The Growth of the Responsible Investment Industry
By Richard Turley
Socially responsible, ethical, sustainable are all buzz words in the investment industry at the moment. A niche area only a few years ago, new ethically focused products and funds are popping into existence at a rapid rate, while mainstream funds are increasingly trying to keep up by integrating environmental, social and governance (ESG) standards into their investment decision-making.
But what is all the fuss about, and why are environmental and social factors impacting on investment decisions?
Traditionally investment decisions were made based on a complex but rather narrow set of factors. Profit, return on investment, return on capital, gross and net yield were all seen as the core measures to gauge the success of an individual investment and the factors most likely to impact a portfolio’s overall performance.
However, the world is changing rapidly. The market-based economy of the 20th century is rapidly being replaced by a more nuanced economy that is required to take into account the social, environmental and societal impacts of its operations. Different industries have been impacted to a greater or lesser extent, but the trend is consistent across financial markets.
In recent years, asset managers, pension funds and investment companies have been burned too many times using traditional investment analysis that identified investment opportunities that were, based on the models, rock solid. This analysis, however, was flawed. It did not take into account the governance, compliance, leadership or culture of an organisation, factors that can lay dormant for many years, but when they do appear can have a catastrophic impact on a company’s share price and investor confidence.
Take Volkswagen, a profitable giant of the car industry that had largely avoided the problems of its American rivals after the global financial crisis. Investors were happy to include it as a low-risk investment in a wider low-risk portfolio. Yet the impact of Volkswagen’s compliance-avoidance culture led to the emissions-cheating scandal that has seen the company’s share price almost halve. In the long-term, it will surely take many years for its reputation to be repaired, among customers and investors alike, as fines, class actions and poor sales drag on the company over the coming years.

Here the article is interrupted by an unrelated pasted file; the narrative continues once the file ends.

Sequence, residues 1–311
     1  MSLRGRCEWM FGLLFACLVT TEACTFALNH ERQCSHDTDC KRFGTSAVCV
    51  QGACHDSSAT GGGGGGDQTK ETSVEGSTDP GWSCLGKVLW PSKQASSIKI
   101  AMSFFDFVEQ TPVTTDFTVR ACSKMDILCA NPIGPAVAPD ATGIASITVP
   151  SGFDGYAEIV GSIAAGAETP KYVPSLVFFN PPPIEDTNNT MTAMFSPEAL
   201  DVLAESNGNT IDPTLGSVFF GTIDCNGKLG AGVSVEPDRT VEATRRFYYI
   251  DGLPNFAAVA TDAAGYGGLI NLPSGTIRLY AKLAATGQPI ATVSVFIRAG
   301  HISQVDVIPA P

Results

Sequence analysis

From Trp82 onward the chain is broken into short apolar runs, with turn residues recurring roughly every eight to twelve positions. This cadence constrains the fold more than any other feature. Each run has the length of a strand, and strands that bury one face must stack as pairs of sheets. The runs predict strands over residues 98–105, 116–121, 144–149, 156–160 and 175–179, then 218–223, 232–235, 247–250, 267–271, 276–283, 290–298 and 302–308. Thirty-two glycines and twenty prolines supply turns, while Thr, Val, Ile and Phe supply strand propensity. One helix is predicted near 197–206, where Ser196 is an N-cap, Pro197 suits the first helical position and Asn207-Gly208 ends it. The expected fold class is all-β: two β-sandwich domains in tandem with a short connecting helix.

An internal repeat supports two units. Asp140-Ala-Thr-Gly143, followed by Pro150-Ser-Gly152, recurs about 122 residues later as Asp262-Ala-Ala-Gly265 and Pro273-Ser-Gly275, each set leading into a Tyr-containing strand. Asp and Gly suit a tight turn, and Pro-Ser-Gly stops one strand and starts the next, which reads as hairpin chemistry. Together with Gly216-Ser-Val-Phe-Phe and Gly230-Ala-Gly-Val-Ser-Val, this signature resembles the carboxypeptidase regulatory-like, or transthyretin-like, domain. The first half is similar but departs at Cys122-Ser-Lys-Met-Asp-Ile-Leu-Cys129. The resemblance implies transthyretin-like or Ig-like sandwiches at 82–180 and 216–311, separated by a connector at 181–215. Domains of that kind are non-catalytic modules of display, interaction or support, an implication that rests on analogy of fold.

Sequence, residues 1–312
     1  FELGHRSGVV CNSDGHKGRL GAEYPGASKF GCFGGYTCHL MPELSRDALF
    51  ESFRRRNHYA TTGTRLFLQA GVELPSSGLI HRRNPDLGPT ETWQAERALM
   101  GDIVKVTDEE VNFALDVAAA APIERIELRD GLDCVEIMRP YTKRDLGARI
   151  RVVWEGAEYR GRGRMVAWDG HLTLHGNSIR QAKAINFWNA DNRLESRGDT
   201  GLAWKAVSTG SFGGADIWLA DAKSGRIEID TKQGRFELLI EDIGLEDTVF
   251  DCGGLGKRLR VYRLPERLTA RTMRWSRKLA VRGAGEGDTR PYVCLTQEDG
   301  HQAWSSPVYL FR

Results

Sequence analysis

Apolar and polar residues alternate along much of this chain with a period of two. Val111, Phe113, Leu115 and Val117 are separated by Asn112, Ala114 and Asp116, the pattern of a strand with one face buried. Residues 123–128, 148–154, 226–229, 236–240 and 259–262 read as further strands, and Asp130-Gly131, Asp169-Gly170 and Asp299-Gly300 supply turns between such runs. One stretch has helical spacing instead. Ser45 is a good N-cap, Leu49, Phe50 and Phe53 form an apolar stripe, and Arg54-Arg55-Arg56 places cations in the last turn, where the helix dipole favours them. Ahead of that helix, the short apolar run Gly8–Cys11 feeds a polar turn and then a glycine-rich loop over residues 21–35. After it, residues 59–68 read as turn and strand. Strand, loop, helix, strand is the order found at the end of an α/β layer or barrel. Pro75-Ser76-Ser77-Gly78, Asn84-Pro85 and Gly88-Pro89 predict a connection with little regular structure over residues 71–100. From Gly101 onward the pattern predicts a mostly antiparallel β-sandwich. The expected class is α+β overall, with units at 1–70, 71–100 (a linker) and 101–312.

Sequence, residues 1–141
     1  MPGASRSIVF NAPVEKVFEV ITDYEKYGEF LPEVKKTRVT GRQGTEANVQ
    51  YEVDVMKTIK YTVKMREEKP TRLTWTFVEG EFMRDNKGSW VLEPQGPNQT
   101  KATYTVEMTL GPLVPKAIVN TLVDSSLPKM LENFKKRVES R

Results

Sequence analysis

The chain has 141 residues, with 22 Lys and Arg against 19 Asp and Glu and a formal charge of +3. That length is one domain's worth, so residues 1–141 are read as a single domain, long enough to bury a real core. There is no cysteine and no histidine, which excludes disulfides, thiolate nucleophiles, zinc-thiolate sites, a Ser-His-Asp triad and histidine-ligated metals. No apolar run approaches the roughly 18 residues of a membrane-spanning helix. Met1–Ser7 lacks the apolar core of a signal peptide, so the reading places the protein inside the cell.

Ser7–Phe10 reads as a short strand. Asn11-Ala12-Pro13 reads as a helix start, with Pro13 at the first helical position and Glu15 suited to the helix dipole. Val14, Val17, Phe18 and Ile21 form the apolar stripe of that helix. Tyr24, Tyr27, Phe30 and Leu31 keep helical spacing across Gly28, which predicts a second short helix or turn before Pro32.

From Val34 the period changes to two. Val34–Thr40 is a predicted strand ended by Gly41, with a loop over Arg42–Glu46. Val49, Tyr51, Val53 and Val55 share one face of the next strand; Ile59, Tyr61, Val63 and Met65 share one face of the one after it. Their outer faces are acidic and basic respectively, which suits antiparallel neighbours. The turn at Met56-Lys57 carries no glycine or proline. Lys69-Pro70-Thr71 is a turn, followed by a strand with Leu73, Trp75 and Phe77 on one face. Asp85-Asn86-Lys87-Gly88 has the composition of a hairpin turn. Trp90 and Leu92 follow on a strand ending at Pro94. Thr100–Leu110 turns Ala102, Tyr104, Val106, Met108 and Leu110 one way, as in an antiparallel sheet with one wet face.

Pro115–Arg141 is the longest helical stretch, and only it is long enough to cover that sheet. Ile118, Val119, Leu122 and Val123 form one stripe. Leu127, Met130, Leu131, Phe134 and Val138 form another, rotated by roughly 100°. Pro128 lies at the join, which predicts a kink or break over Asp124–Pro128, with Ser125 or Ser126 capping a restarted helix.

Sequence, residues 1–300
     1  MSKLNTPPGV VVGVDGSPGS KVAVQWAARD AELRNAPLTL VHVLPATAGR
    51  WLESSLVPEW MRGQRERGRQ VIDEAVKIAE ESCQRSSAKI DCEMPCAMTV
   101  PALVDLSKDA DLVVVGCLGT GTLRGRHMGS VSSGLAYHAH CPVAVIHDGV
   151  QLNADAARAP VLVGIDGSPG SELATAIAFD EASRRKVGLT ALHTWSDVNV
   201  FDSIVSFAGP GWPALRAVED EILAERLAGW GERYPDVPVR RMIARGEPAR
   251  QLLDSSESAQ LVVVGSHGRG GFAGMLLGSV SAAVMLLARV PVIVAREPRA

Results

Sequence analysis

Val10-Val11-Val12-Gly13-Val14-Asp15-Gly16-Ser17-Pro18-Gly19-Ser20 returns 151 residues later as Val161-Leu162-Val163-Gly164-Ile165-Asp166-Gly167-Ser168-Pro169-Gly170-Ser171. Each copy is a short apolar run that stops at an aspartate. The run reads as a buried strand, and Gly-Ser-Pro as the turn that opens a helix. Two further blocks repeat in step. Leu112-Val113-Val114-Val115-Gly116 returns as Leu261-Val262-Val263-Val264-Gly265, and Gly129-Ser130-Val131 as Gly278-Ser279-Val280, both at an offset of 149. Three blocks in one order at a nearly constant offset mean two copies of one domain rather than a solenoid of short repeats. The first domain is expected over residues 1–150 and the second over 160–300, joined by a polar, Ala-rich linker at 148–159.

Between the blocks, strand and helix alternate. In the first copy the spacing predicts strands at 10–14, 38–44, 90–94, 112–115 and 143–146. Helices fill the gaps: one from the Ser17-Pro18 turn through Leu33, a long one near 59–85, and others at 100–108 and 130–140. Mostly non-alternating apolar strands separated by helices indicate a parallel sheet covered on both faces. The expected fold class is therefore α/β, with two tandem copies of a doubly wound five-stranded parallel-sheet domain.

Trustworthy corporate brands take a long time to build based on years of good governance, treating customers fairly and contributing positively to society, but it takes seconds for that brand and consumer trust to be destroyed.
Consumers, governments and non-governmental bodies are increasingly targeting companies that have demonstrated poor governance, show scant regard for environmental standards or have records of poor labour relations. While savvy marketing and good branding allowed organisations to hide many of these flaws in the past, these tactics are now becoming more transparent, and consumers are less likely than ever to trust the corporate behemoth.
Large asset managers are waking up to the fact that their long-term objectives mean that they must pay attention to dormant issues that can rear their heads and negatively impact a portfolio in five or ten years’ time. For example, the Canadian Pension Plan Investment Board stated in its 2014 report that “we consider responsible investing simply as intelligent long-term investing. We believe that firms that take the opportunity to manage ESG factors effectively are more likely to endure, and create more value over the long-term than those that do not”.
Investors are wise to pay attention to ESG factors. In today’s world of social media, a company’s brand reputation can be torn to shreds with a few inopportune words in a media interview, let alone a full-blown disaster due to corporate misgovernance. Poor company culture can have a long-term impact on its brand and a very real short-term impact on a company’s share price if something goes wrong, which it inevitably does if ESG factors are ignored for long enough.
Investors have, therefore, been demanding more choice and a certain insulation from companies with a flagrant disregard for societal norms. This is where the responsible investing industry has started to fill a gap in the market and forced mainstream funds to redesign their investment decision-making practices.
This is not only in the choice of companies in a funds portfolio. Managers are also starting to take more active roles in advocating for companies to implement anything from a split of the CEO and chairman roles to producing a sustainability report for the first time. Active investing requires the investor to pay more attention to the minutiae of corporate governance and to agitate for change where flaws can be seen. Groups of investors can now place significant pressure on an organisation to change its behaviour, update its policies and procedures, or change its leadership.